Causes[edit]

Fetal distress during labor causes intestinal contractions, as well as relaxation of the anal sphincter, which allows meconium to pass into the amniotic fluid and contaminate the amniotic fluid. Meconium passage into the amniotic fluid occurs in about 5–20 percent of all births and is more common in overdue births. Of the cases where meconium is found in the amniotic fluid, meconium aspiration syndrome develops less than 5 percent of the time.[1] Amniotic fluid is normally clear, but becomes greenish if it is tinted with meconium.

Pathophysiology and mechanism[edit]

The pathophysiology of MAS is due to a combination of primary surfactant deficiency and surfactant inactivation as a result of plasma proteins leaking into the airways from areas of epithelial disruption and injury.[2]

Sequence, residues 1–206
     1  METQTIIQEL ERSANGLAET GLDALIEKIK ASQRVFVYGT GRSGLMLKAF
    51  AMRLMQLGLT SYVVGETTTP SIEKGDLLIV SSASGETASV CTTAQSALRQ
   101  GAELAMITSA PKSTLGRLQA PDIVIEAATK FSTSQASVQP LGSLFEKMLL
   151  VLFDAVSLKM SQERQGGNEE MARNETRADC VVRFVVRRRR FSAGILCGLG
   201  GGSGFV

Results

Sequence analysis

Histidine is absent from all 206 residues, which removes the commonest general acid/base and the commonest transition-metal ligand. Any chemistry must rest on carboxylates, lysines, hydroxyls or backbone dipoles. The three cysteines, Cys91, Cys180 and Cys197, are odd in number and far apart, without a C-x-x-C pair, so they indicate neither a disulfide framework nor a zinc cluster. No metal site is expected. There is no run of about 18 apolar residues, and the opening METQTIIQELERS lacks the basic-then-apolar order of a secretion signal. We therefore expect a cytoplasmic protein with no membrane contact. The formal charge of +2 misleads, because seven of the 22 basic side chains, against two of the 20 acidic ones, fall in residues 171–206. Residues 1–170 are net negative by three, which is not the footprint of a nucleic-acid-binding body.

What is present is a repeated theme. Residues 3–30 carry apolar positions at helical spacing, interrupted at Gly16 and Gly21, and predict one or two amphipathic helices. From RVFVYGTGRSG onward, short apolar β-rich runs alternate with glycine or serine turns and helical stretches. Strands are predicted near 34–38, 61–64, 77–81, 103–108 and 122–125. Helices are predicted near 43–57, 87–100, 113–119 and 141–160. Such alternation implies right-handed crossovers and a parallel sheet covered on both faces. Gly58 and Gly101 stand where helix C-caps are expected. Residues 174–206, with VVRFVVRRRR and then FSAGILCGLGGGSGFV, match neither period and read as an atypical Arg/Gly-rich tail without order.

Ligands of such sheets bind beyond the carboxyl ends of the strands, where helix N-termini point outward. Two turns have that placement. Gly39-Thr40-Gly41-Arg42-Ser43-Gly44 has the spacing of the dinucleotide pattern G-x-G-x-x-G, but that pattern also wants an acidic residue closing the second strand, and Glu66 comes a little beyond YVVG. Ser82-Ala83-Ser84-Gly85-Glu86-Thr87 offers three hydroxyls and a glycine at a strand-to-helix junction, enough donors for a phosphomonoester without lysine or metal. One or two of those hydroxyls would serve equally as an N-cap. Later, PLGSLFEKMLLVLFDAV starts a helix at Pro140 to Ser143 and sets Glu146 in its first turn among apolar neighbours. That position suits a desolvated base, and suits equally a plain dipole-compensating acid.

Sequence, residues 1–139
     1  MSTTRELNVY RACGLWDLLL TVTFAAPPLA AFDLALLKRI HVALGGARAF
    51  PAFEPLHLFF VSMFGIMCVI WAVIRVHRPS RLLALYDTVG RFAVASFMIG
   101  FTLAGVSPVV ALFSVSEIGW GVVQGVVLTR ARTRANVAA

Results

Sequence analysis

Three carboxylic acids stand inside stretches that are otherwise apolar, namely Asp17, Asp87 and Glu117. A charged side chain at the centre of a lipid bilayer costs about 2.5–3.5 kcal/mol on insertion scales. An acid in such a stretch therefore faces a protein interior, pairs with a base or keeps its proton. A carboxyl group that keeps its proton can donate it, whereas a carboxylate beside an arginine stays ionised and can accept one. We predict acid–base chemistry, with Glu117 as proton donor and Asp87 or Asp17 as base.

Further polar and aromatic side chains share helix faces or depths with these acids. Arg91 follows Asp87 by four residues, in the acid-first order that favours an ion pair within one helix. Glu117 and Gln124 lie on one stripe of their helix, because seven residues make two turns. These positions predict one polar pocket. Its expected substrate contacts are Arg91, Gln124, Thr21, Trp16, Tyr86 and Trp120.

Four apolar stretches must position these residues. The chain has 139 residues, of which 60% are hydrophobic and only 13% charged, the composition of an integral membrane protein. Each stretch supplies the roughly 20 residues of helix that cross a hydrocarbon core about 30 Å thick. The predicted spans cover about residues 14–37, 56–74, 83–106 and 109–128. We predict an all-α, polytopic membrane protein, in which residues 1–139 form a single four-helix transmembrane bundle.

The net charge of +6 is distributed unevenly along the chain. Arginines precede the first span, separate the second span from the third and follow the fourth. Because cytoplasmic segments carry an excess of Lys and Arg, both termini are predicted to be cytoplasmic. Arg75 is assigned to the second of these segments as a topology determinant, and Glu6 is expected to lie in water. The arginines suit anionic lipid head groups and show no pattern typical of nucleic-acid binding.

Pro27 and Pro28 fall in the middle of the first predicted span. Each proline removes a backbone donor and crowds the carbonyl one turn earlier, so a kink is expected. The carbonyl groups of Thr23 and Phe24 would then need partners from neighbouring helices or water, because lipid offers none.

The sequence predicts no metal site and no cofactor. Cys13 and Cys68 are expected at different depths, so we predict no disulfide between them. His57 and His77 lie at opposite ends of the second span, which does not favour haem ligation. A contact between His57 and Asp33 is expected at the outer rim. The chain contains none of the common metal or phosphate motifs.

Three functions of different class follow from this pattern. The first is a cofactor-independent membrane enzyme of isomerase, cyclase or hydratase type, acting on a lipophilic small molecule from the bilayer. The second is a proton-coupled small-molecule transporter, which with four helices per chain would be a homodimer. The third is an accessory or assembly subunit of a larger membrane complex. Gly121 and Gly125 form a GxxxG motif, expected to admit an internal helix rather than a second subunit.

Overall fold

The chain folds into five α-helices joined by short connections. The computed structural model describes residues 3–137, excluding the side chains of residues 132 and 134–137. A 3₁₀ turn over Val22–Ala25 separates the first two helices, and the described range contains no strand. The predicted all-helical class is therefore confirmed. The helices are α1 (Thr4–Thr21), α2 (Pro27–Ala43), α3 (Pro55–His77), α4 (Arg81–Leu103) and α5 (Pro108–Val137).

The leading three causes of MAS are

  1. Due to physiologic maturational event,[3]
  2. A response to acute hypoxic events,[3] and
  3. A response to chronic intrauterine hypoxia.[3]

If an infant inhales this mixture before, during, or after birth, it may be sucked deep into the lungs. Three main problems occur if this happens:

  • the material may block the airways
  • efficiency of gas exchange in the lungs is lowered
  • the meconium-tainted fluid is irritating, inflaming airways (pneumonitis) and possibly leading to chemical pneumonia.

These can lead to significant morbidity and mortality if severe enough. [3]

Diagnosis[edit]